Sunday, July 13, 2008

Maximum Ride: The Angel Experiment by James Patterson

Title: Maximum Ride: The Angel Experiment
Author: James Patterson
# pages: 479 (large print version, the only version my library had on hand ;>))
Date published: 2005
Genre: YA science fiction thriller
Challenge(s): July Book Blowout, What an Animal Reading Challenge



Setting: California, NYC

First Sentence:

“The funny thing about facing imminent death is that it really snaps everything else into perspective.”

Synopsis: Fourteen-year-old Maximum Ride, better known as Max, knows what it's like to soar above the world. She and all the members of the "Flock"--Fang, Iggy, Nudge, Gasman and Angel--are just like ordinary kids--only they have wings and can fly. It may seem like a dream come true to some, but their lives can morph into a living nightmare at any time--like when Angel, the youngest member of the "Flock," is kidnapped and taken back to the "School" where she and the others were genetically engineered by sinister scientists. Her friends brave a journey to Death Valley, CA, to save Angel, but soon enough, they find themselves in yet another nightmare--this one involving fighting off the half-human, half-wolf "Erasers" in New York City. Whether in the treetops of Central Park or in the bowels of the Manhattan subway system, Max and her adopted family take the ride of their lives. (from B&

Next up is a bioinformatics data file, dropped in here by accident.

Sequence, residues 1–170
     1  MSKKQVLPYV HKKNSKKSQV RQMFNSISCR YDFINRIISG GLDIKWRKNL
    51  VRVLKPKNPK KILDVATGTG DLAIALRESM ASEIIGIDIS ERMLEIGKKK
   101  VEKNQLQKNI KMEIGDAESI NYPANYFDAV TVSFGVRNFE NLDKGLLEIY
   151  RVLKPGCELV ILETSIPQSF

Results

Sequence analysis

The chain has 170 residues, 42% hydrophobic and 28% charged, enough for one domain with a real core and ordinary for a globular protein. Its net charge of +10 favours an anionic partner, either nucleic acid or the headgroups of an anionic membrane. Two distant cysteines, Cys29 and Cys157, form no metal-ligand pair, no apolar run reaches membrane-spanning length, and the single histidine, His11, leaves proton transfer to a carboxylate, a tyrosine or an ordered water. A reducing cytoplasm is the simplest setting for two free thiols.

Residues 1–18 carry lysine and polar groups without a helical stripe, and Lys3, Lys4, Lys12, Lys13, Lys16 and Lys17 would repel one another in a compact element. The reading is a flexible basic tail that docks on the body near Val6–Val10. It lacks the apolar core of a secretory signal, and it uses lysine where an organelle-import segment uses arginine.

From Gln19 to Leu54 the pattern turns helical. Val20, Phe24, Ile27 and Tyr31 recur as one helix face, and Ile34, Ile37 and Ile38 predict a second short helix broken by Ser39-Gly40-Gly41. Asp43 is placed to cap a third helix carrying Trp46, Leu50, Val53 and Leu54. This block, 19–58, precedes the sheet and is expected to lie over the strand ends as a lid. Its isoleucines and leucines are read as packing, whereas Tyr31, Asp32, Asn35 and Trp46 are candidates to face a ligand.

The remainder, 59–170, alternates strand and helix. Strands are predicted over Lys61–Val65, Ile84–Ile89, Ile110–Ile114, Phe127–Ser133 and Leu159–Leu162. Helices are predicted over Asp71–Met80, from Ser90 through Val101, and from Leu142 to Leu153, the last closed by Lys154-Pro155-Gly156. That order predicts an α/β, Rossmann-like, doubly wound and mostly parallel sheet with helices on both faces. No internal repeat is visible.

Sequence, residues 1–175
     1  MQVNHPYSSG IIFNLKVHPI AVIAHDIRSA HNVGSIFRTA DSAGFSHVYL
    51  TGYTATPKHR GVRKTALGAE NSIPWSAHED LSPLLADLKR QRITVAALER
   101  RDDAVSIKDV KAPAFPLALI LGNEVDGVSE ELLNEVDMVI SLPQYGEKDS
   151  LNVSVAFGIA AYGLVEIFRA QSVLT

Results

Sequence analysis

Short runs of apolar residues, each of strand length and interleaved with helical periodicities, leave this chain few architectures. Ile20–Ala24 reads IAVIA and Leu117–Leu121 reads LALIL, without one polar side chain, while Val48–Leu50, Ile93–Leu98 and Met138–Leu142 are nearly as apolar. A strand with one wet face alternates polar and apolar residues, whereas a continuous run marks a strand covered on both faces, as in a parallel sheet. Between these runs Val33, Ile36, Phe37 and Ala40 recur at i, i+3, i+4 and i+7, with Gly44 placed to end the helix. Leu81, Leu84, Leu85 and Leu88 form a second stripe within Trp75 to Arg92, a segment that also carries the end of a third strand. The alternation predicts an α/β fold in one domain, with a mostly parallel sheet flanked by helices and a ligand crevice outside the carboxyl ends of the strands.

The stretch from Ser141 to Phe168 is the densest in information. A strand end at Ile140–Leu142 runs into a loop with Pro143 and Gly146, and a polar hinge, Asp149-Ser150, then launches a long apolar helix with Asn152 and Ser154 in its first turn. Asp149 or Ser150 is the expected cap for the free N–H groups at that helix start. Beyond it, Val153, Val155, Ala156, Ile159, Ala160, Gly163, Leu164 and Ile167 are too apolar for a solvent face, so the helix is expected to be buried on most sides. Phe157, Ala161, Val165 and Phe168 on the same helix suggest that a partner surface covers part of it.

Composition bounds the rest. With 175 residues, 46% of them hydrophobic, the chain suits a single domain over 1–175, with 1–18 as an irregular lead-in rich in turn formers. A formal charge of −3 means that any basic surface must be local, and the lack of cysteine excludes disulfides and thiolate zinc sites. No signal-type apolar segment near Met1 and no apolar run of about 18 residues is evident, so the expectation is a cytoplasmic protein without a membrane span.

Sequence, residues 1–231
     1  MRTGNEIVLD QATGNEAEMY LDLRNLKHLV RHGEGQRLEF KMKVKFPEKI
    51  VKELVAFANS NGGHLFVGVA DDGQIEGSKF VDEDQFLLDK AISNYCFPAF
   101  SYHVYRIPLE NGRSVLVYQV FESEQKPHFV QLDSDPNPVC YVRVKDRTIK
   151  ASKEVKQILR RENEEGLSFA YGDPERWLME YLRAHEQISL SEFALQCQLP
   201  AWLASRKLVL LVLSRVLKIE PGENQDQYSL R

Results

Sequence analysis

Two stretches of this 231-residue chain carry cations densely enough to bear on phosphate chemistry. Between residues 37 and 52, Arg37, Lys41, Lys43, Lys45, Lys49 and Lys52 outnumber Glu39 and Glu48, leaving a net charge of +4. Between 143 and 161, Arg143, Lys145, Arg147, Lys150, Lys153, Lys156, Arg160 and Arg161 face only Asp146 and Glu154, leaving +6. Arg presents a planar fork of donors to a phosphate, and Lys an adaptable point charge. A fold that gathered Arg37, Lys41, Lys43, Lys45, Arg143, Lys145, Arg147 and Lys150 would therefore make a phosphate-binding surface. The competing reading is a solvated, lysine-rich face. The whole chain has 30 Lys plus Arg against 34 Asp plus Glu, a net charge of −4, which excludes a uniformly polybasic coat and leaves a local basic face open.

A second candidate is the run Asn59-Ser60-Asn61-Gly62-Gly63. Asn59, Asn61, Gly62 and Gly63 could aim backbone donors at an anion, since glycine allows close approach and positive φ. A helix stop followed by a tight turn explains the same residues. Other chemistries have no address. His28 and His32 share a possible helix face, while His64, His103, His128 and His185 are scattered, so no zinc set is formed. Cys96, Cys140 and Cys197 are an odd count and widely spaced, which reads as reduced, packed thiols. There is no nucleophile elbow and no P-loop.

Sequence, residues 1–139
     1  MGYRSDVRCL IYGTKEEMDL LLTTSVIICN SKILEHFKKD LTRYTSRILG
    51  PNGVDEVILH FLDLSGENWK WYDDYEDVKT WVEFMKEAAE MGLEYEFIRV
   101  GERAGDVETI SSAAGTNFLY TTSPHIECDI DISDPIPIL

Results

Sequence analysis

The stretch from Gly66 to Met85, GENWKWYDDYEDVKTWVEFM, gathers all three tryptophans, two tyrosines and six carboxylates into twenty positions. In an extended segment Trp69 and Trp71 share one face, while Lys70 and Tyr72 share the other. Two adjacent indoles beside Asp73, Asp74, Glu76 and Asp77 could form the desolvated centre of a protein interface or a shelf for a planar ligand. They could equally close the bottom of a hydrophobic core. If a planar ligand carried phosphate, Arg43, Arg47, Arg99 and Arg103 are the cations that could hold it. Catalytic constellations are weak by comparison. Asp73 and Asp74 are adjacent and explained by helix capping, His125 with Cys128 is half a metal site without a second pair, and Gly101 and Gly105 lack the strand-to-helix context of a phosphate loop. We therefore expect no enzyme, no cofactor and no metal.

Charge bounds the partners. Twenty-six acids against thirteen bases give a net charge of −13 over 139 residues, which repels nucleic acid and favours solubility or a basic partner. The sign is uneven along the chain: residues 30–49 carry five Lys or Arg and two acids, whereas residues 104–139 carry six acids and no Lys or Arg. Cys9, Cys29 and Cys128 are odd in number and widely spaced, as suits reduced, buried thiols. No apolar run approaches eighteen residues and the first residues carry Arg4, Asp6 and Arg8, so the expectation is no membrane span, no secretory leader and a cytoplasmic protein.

Random Thoughts: Interesting story. I don’t read much sci-fi, but I’ve lately been intrigued by genetics (once my main profession) in fiction. The premise of this book is that Max and her friends are 98% human with 2% avian DNA implanted into them. Aside from the massive scientific impossibilities (which I can get past, it is fiction after all ;>)), the book can be somewhat repetitive. I realize that this is a young adult book, but I’ve taught high school science and I think most of my students would have found this book “hit-me-over-the-head” repetitious. Young adults aren’t stupid! They do not require the same information to be told to them over and over again (in fact, it bugs them, as it does me ;>)). This will not prevent me from reading the rest of the series, but I did downgrade the book from “very good” to “good” because of these problems. Even with the repetitions, however, it is an extremely fast read and I’m interested enough to follow the “Flock” through, at least, the next book.

Favorite scene: Having worked in NYC and commuted on the subway for several years, I really enjoyed the scenes when the kids were in (and below) the City. For anyone who is wondering, I hear (although I’ve never seen the evidence of) the City below the City really exists.

Let’s give people a variety of opinions! If you've reviewed this book (or a book by this author), leave me a link to your review in the comments and I'll link to your review, too!

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